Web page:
The Inward Work of Democracy

Recently, I listened to an interview that Krista Tippett, MPR’s host to “On Being,” did with Jacob Needleman, author of The American Soul: The Inward Work of Democracy. His ideas have particular resonance today as we face so many questions and complications—not to mention confusion and divisive partisanship—with which our country is so riddled right now.

Jacob Needleman passionately presents some of the great yet fallible human beings who forged this country into a democracy, men and women who demanded of themselves high ideals, which they in turn expressed in our Constitution and Bill of Rights as well as the Declaration of Independence. Among the people he highlights are: George Washington, for being a man who “turned away from power”—no easy task in our competitive and power-hungry world; Thomas Jefferson, who knew the invaluable importance of “listening well,” particularly if there were to be agreement among the signers of foundational documents; Abraham Lincoln, always “humbled by power,” firmly extorted “malice toward none and charity toward all”; and 19th-century Frederick Douglas, an escaped slave who deeply loved the America he felt compelled to criticize for allowing slavery to exist.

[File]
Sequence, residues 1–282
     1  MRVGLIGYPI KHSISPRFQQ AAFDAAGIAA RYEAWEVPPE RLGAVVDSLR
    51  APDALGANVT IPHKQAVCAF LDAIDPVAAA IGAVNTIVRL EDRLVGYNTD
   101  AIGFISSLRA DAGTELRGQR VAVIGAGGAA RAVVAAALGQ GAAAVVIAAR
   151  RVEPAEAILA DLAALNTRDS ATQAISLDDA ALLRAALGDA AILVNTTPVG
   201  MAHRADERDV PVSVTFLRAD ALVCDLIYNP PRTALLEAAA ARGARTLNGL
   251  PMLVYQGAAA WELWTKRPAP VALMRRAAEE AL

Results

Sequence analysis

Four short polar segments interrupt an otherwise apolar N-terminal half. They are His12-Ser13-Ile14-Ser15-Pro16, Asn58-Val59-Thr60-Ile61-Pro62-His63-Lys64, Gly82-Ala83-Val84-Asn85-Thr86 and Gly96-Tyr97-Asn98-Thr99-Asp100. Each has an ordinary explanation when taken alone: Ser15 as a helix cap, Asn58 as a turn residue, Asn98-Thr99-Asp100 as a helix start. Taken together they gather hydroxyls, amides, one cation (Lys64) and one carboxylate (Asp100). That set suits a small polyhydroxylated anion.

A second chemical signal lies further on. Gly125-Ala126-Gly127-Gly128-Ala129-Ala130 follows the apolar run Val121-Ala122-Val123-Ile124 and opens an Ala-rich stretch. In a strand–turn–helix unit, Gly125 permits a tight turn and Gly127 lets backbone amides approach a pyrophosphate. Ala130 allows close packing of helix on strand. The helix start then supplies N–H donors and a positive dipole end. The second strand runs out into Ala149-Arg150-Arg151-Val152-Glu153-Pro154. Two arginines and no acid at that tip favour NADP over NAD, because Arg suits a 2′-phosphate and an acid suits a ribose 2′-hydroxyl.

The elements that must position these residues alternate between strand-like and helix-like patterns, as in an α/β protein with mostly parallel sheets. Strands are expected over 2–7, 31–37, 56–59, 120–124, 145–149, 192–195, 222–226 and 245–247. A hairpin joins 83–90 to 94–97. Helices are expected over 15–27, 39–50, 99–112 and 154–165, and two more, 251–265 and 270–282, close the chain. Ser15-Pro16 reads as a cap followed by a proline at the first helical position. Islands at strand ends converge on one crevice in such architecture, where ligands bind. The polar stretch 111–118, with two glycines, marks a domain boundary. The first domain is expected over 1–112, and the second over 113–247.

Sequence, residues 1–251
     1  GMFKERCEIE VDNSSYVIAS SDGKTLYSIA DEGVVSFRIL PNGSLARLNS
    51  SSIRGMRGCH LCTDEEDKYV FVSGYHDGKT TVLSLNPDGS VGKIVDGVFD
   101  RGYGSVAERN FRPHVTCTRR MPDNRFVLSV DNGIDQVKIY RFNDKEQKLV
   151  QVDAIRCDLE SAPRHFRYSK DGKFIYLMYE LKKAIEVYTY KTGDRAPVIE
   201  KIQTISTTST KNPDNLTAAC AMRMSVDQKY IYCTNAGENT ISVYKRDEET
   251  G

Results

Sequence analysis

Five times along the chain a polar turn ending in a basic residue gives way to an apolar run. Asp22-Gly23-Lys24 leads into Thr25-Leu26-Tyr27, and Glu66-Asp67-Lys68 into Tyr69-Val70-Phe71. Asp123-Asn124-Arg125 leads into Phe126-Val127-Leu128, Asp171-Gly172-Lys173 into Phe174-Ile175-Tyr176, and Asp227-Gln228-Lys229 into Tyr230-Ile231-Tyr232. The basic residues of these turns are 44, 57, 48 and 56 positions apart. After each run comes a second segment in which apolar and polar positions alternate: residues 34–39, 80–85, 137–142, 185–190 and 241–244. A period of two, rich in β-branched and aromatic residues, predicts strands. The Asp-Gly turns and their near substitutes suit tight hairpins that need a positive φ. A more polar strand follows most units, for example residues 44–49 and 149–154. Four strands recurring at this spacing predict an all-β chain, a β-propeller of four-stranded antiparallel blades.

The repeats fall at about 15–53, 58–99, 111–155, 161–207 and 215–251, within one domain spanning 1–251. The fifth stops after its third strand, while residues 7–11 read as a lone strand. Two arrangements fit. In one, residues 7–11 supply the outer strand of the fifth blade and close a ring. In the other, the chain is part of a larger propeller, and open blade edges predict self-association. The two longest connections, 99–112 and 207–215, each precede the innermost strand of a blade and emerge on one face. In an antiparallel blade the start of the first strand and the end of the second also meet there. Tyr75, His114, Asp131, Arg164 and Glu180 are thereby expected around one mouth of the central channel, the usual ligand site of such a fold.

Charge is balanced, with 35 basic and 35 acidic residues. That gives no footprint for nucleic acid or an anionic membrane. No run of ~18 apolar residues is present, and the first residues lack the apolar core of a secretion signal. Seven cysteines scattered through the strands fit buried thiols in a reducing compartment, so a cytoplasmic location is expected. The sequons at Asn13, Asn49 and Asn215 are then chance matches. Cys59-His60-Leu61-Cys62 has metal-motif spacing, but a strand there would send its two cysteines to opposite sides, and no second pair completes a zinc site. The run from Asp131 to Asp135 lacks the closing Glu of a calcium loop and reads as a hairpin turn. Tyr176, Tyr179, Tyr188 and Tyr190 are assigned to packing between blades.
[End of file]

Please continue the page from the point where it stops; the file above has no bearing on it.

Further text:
Men with values? Virtues? Call them what we will, but we need to reflect on them today as we struggle to maintain our democracy. Let it not be thought that anyone, least of all Jacob Needleman, would deny America the festivals, marches and parades we so love to employ to express our patriotism. But Needleman wants our patriotism to go deeper than all that.

Astutely, I think, he asserts that our age needs not just external action groups but “think groups” that help us ask hard questions such as: What are the duties implied in the rights we proudly acclaim? What is the inward work of democracy? What does the Declaration of Independence imply when it says “All are created equal” and “All have the right to life, liberty and the pursuit of happiness”?

Oh God, we pray for our nation and world. We ask that you help us remove the walls that separate us. We ask, in this moment, for new light: illumine our minds so that we may seek truth, harbor no malice, and live charity toward all.

Renée Domeier, OSB

Photo: An American flag on an Independence Day parade float in St. Joseph, Minn., taken by Sister Nancy Bauer